My intuition here is the first option is the case, but also that instead of speaking about moral realism we should talk about qualia formalism. I.e., whether consciousness is real enough such that it can be spoken about in crisp formal terms, seems prior to whether morality is real in that same sense. I've written about this here, and spoke about this in the intro of my TSC2018 talk.

Whether qualia formalism is true seems an empirical question; if it is, we should be able to make novel and falsifiable predictions with it. This seems like a third option for moving forward, in addition to your other two.

Comment by mikejohnson on Why I prioritize moral circle expansion over artificial intelligence alignment · 2018-03-02T05:15:49.080Z · score: 0 (0 votes) · EA · GW

EA forum threads auto-hide so I’m not too worried about clutter.

I don’t think you’re fully accounting for the difference in my two models of meaning. And, I think the objections you raise to consciousness being well-defined would also apply to physics being well-defined, so your arguments seem to prove too much.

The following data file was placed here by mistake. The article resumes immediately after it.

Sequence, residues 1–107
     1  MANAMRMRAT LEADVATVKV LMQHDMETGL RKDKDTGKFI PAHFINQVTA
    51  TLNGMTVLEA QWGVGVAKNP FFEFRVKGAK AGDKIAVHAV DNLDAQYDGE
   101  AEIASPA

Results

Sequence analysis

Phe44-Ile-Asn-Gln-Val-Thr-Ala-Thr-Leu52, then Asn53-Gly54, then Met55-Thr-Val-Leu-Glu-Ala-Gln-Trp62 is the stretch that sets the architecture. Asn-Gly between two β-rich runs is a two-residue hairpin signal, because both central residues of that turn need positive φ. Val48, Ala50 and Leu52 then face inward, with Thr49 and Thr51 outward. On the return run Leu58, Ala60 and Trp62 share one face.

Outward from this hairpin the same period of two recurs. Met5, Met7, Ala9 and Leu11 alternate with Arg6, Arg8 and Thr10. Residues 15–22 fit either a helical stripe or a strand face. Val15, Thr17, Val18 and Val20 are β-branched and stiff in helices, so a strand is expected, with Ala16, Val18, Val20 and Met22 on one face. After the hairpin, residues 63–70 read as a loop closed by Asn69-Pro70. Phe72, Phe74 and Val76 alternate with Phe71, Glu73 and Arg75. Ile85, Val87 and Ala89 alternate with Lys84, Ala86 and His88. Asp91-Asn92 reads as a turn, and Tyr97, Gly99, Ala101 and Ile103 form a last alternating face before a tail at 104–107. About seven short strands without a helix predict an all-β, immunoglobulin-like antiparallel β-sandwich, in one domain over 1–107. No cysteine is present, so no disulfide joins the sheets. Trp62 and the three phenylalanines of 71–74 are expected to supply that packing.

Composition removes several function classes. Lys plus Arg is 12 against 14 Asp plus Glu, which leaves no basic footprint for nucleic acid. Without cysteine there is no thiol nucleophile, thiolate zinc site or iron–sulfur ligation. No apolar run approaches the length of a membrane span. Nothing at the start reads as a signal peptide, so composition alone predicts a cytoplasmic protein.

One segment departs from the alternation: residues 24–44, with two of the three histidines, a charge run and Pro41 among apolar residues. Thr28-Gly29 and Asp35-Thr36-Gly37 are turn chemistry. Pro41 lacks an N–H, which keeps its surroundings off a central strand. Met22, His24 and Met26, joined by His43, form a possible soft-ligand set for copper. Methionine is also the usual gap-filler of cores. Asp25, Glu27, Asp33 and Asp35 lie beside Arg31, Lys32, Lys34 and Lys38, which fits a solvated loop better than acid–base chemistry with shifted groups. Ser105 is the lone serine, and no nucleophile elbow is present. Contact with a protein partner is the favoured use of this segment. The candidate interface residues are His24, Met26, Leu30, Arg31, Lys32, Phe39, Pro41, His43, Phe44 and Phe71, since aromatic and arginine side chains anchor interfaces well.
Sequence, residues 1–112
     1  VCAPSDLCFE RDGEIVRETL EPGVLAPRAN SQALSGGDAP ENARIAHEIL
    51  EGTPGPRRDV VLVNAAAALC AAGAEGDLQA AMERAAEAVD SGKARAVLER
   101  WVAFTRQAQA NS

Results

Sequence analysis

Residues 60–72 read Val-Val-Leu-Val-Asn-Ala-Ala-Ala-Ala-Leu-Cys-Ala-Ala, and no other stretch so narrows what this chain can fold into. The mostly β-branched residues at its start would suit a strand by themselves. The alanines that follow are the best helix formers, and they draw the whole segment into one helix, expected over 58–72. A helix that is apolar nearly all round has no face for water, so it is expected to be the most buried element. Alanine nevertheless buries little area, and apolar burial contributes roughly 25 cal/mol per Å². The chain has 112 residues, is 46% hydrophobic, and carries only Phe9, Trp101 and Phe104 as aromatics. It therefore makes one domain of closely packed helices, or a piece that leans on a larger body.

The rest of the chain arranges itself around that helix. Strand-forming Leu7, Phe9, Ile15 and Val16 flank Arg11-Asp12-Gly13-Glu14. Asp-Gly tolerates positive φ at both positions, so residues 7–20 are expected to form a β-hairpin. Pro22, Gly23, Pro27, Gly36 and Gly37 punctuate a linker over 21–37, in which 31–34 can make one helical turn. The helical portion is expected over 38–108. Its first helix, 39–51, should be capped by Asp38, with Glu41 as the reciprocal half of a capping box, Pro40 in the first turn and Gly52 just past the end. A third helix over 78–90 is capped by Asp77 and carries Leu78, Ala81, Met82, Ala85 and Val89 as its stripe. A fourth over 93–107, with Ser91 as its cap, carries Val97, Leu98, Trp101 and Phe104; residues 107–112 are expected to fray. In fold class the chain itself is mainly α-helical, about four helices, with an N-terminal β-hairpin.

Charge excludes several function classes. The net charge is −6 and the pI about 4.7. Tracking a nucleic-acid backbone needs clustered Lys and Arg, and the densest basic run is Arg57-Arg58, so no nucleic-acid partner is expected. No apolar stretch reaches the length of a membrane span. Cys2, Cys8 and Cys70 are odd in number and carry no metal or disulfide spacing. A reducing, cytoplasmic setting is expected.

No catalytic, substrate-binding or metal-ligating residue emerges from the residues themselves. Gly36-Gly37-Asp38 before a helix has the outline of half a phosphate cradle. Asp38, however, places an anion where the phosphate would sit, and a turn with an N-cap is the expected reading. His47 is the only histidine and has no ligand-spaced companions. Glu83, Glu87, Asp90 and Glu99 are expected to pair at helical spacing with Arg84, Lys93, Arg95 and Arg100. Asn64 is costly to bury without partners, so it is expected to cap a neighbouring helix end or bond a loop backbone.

To attempt to address your specific question, I find the hypothesis that ‘qualia (and emotional valence) are well-defined across all arrangements of matter’ convincing because (1) it seems to me the alternative is not coherent (as I noted in the piece on computationalism I linked for you) and (2) it seems generative and to lead to novel and plausible predictions I think will be proven true (as noted in the linked piece on quantifying bliss and also in Principia Qualia).

All the details and sub arguments can be found in those links.

Will be traveling until Tuesday; probably with spotty internet access until then.

Comment by mikejohnson on Why I prioritize moral circle expansion over artificial intelligence alignment · 2018-02-28T18:05:47.988Z · score: 0 (0 votes) · EA · GW

This is an important point and seems to hinge on the notion of reference, or the question of how language works in different contexts. The following may or may not be new to you, but trying to be explicit here helps me think through the argument.

Mostly, words gain meaning from contextual embedding- i.e. they’re meaningful as nodes in a larger network. Wittgenstein observed that often, philosophical confusion stems from taking a perfectly good word and trying to use it outside its natural remit. His famous example is the question, “what time is it on the sun?”. As you note, maybe notions about emotional valence are similar- trying to ‘universalize’ valence may be like trying to universalize time-zones, an improper move.